Virgin Galactic successfully launched its first paying customers to the edge of space on Thursday.
The company’s debut commercial flight took off from Spaceport America in New Mexico on Thursday morning.
The entire experience from launch to landing, which included a rocket ride to a point about 53 miles above Earth, lasted around 70 minutes.
Riding aboard the VSS Unity plane were Colonel Walter Villadei and Lieutenant Colonel Angelo Landolfi from the Italian Air Force, and Pantaleone Carlucci from the National Research Council of Italy. Virgin Galactic instructor Colin Bennett was also aboard the aircraft, which was piloted by Mike Masucci and Nicola Pecile.
A video (below) released by Virgin Galactic showed some of the highlights from the mission.
At its highest point, the passengers are able to leave their seats and enjoy a few minutes of weightlessness. But as Virgin Galactic’s first commercial mission was geared toward science research in microgravity conditions, Landolfi and Carlucci stayed in their seats to focus on their work. Villadei did, however, leave his seat for a brief while, floating through the cabin to deploy some experiments aboard the vehicle.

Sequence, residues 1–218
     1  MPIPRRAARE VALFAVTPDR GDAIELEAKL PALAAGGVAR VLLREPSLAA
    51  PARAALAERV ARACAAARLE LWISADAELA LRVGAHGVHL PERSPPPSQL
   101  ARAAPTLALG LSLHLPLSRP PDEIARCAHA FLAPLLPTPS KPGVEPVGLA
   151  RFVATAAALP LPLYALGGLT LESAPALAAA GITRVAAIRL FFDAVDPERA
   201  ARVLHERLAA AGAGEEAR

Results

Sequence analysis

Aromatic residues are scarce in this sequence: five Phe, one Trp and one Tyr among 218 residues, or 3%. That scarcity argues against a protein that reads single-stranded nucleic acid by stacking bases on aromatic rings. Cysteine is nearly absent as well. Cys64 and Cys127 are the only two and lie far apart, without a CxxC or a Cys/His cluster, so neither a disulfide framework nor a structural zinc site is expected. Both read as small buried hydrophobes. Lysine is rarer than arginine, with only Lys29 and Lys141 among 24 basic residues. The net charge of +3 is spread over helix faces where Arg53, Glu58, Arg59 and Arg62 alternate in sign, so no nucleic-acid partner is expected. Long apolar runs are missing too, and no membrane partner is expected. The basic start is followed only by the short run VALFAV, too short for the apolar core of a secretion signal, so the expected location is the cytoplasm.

Virgin Galactic also live-streamed the event. The video (below) starts at the point where the carrier aircraft, VMS Eve, releases VSS Unity at around 45,000 feet. Unity then fires up its rocket to blast the vehicle and its passengers and crew on a near-vertical flight path to just shy of the Karman line, the place widely accepted as where space begins.
The crew landed safely back at base, completing Virgin Galactic’s first-ever commercial trip. A short while later, Villadei described the adventure as “a beautiful ride” and “an unforgettable experience” that went by “very fast.”
It hasn’t been easy for Virgin Galactic to reach this point. The endeavor involved many years of testing, multiple delays, and the tragic death of test pilot Michael Alsbury in a crash in 2014. Indeed, there were times when it wasn’t clear if the project would ever get to launch its first commercial flight.
The company will now focus on serving the hundreds of people who’ve paid up to $450,000 for the one-off experience, with the next flight set for August.